This section is from the book "The Law Of Contracts", by William Herbert Page. Also available from Amazon: Commercial Contracts: A Practical Guide to Deals, Contracts, Agreements and Promises.
Even in the absence of an express license or of circumstances, other than those of war in general, from which an implied license might be inferred, the courts have in former times been inclined to recognize the validity of certain contracts made in time of war with the enemy across the lines of war on account of the special necessities of the case. At the time when privateering was encouraged, and when the crews of public vessels were allowed a share in prize money arising from the proceeds of captured enemy merchant vessels, it became the custom for the captor to permit the captured vessel to go free on receiving a ransom bill which provided for the payment of a certain amount of money as consideration for such release from capture.1 This practice was very beneficial to the owners of the captured vessel and cargo, for the amount exacted as ransom was naturally much less than the value of the goods, and it was very beneficial to the captor personally, since it relieved him from the necessity of taking his prize into port and dividing his crew, and made it possible for him to effect many more captures in a given space of time than he could otherwise. For these reasons, and without considering the interests of the government, the courts of admiralty were inclined at a very early period to enforce ransom bills if given to a citizen of an enemy government,2 although a ransom effected by pirates was held to be illegal;3 and if paid, could be recovered if the party to whom the payment was made was within the jurisdiction of the court.4 The courts of admiralty continued for a long period of time to enforce ransom bills and contracts for ransom,5 although the difficulty of distinguishing in all cases between a privateer and a pirate led to the custom of taking hostages to enforce payment of the ransom.
8 The Sea Lion, 72 U. S. (5 Wall.) 630, 18 L. ed. 618; Coppell v. Hall, 74 U. S. (7 Wall.) 542, 19 L. ed. 244.
9 The Hiram, 12 U. S. (8 Cranch.) 444, 3 L. ed. 619; The Hiram, 14 U. & (1 Wheat.) 440, 4 L. ed. 131; Patton v. Nicholson, 16 U. S. (3 Wheat.) 204, 4 L. ed. 371.
The common law recognized the validity of these contracts when brought before them collaterally.6 A contract by which a captain agreed to pay the wages of a seaman if he would consent to act as hostage, was held to be valid.7 The common-law courts refused to prohibit the sentence of a court of admiralty against a vessel for ransom.8 A draft drawn by the captain of the captured vessel for ransom was held to be enforceable if properly accepted.9 The immunity conferred upon the ransom vessel until it had completed its voyage, was held to exist not only against all vessels of the country of the captor, but also against all allies.10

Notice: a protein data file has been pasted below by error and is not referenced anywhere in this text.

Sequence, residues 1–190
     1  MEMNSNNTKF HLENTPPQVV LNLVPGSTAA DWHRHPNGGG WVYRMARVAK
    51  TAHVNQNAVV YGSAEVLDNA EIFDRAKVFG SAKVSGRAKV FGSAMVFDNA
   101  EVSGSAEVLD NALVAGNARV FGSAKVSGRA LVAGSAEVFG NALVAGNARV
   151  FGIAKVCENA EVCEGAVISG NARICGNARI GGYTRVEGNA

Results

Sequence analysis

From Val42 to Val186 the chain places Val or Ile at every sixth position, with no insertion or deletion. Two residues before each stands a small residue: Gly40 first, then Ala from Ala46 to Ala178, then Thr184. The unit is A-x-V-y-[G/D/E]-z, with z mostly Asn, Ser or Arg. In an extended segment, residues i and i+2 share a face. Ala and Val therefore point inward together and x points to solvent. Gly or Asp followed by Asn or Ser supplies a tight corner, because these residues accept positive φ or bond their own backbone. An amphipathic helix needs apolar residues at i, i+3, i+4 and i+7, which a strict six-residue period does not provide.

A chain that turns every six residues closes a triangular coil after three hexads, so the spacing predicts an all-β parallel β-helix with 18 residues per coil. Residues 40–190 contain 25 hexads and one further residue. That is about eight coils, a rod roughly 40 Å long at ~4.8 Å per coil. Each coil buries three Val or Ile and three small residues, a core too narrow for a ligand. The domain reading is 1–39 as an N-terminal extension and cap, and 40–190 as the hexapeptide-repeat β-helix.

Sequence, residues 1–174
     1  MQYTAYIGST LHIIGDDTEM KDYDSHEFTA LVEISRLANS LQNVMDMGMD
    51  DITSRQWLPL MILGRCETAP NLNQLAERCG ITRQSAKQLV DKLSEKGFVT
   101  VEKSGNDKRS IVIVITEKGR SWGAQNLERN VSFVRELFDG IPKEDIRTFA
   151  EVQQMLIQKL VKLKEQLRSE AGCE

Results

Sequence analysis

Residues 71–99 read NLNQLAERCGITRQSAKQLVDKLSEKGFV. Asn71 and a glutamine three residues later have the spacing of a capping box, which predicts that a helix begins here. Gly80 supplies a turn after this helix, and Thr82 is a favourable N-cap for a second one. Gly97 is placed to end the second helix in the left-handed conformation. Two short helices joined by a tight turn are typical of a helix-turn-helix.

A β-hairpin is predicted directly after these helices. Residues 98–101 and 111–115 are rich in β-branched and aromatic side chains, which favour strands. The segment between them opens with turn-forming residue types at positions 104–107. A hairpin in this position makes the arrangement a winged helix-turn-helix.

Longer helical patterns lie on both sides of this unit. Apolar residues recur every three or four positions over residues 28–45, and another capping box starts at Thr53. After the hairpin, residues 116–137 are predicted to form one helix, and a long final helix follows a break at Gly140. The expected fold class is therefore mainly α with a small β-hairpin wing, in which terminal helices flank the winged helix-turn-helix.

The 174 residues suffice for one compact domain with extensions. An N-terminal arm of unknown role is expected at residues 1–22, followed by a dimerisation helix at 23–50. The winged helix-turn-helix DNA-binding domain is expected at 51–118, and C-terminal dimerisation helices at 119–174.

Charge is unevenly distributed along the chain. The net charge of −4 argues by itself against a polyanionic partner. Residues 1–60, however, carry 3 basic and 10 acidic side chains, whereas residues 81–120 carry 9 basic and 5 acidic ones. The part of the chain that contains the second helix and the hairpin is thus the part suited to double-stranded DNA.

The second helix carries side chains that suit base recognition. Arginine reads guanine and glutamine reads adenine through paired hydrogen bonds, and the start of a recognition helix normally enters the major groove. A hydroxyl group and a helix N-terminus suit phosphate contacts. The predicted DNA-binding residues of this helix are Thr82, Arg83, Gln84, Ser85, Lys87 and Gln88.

IFor a general discussion of this subject, see Ransom Bills, by W. Senior, 34 Law Quarterly Review, 49.
2 Libels in Admiralty, File 13, Nos. 83 and 92 (1545 A. D.), 11 Selden Society (2 Select Pleas in Admiralty), p. Ixvi; Libels in Admiralty, File 32, No. 30 (1561, 1562), 11 Selden Society (2 Select Pleas in Admiralty), p. lxviii.
3 Joliff v. Bawdett, 11 Selden Society (2 Select Pleas in Admiralty) 164.
4 Joliff v. Bawdett, 11 Selden Society (2 Select Pleas in Admiralty) 164.
5 The Charming Nancy, Marsden's Admr. 398; The Patrixent, Marsden's Admr. 398.
6 Yates v. Hall, 1 T. R. 73; Wilson v. Bird, 1 Ld. Raym. 22.
7 Yates v. Hall, 1 T. R. 73.
8 Wilson v. Bird, 1 Ld. Raym. 22.
9 Goodrich v. Gordon, 15 Johns. (N. Y.) 6.
10 Miller v. The Resolution, 2 U. S. (2 Dall.) 1, 1 L. ed. 263.
The attempt was finally made to enforce ransom bills in a court of common law by a direct action against the owner of the vessel or of the goods on whose behalf the ransom bill was given, instead of proceeding in admiralty against the vessel on behalf of the hostage. At one time the English courts under Mansfield's influence seemed inclined to receive this bit of admiralty law and to allow such an action;11 and this view was entertained by the courts of the United States.12 In a subsequent case, however,13 some of the judges appear to differ from Lord Mansfield as to the power of the common-law courts to enforce bills of ransom; and a judgment, rendered in form for the plaintiff in order to permit the parties to go to a higher court, was reversed on error on the ground that an alien enemy could not sue in English courts to recover a right which he had claimed to acquire during actual war.14 While the facts in this case arose before English legislation, the result was possibly influenced by the fact that Parliament had come to the conclusion that the interests of the government should be considered rather than those of the privateer and of the captured vessel; and it had forbidden contracts for the ransom of an English vessel.15 With the disappearance of privateering, the capture of enemy vessels on the high seas by private enterprise for the purpose of gain ceased, and with it ceased the practice of giving ransom bills.
Considerations of humanity induced the courts to uphold contracts made with alien enemies who were domiciled in an enemy country for the support of prisoners of war.16